Washington – The Renewable Fuels Association today sent a letter to President Obama detailing the dynamic state of America’s ethanol industry. The letter was prompted by remarks President Obama made during his Twitter town hall event earlier this week, in which the President seemed to question the commitment of ethanol producers and advocates to innovation.
“While much of our industry’s research and development focus is on the next generation of feedstocks and biofuels, the existing grain-based industry has quietly made tremendous strides in its economic and environmental efficiency in recent years,” wrote RFA President and CEO Bob Dinneen. “Given its rapid rate of innovation and evolution, it was concerning to hear you suggest during your Twitter town hall that American ethanol was behind the innovation curve. More troubling was your assessment that Brazilian ethanol is a superior, more efficient product than the one produced here at home.”
Specifically, the letter noted that the U.S. ethanol industry is the largest in the world, producing well in excess of 13 billion gallons of ethanol annually. Moreover, it is having a measurable impact on America’s foreign oil habit by reducing imported oil needs by 445 million barrels a year – a sum greater than what is imported from Saudi Arabia annually.
Importantly, the letter stated that “American-made ethanol is the most cost-effective motor fuel on the market today, costing less than Brazilian ethanol and gasoline.” Additionally, Dinneen noted that the domestic industry is an unparalleled economic engine for rural American, creating some 400,000 good paying jobs that stand in “stark contrast to some of the working conditions and pay received by Brazilians employed on sugar plantations and ethanol mills.”
As to the President’s comment on efficiency, Dinneen noted in his letter that “ethanol production today is showing tremendous energy benefits with current ethanol production producing up to 2.3 units of energy for every unit of energy used. Together with improved efficiencies and new technologies, ethanol producers are getting more ethanol per bushel of corn and using fewer BTUs and gallons of water in the process.”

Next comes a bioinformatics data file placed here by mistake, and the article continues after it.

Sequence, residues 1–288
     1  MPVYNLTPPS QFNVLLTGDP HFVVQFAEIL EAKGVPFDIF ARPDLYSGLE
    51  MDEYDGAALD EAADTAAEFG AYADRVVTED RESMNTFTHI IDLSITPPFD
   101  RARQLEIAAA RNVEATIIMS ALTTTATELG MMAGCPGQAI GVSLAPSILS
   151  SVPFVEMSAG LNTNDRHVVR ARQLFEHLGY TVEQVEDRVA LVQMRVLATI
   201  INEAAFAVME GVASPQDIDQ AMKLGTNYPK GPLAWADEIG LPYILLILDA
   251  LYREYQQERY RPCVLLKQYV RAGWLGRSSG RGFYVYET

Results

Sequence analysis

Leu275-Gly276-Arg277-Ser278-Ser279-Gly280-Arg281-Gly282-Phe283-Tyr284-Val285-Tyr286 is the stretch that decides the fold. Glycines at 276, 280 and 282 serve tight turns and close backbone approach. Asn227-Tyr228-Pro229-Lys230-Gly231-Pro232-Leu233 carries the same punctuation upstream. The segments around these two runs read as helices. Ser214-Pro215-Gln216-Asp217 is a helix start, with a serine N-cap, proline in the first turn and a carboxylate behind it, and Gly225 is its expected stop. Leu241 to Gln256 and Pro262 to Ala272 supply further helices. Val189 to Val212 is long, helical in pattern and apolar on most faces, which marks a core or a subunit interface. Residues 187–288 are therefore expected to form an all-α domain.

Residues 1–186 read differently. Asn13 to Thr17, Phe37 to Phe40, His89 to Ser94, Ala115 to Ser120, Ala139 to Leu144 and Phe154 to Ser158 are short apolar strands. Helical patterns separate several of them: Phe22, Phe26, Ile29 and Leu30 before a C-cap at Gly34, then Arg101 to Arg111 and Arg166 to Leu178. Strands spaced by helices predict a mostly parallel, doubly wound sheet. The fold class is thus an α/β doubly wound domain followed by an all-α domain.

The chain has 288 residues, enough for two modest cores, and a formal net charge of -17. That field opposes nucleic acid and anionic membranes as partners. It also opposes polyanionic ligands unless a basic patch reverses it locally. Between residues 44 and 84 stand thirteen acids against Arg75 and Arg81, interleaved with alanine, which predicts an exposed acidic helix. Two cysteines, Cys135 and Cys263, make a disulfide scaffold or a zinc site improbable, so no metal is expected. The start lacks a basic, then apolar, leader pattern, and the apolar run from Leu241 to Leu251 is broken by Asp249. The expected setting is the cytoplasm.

Dinneen also pointed out that American ethanol producers get nearly 100 gallons of ethanol from a ton of corn, whereas Brazilian sugarcane producers get just 25 gallons per ton, according to a USDA analysis.
On the issue of American ethanol innovation, Dinneen highlighted the rapid development of new ethanol technologies and the prospect of advanced and cellulosic ethanol production in the very near future.
“America’s ethanol industry is not behind the curve in technology innovation; we are setting the curve,” Dinneen wrote. “Investments made in ethanol production capacity, technology, and fueling infrastructure are just now beginning to pay dividends. As such, now is not the time to question our progress or efficiency, but to reassert the importance of a robust, domestic ethanol industry to the nation’s energy, environmental, economic, and national security goals. Americans cannot continue to bear the dangers presented by an outdated energy policy that locks us into a crippling addiction to imported oil.”
Dinneen stated that “Tthe contributions of homegrown first- and second-generation ethanol production to our energy future should not be marred by outdated and unbalanced comparisons to biofuels production in other nations.”
Dinneen also urged the President to take pride in what American ethanol producers are accomplishing. “Mr. President, America’s ethanol industry should be a source of pride. It is a sparkling example of what made America great: the imagination to dream and the ability to make that dream a reality.”
The full letter is available here.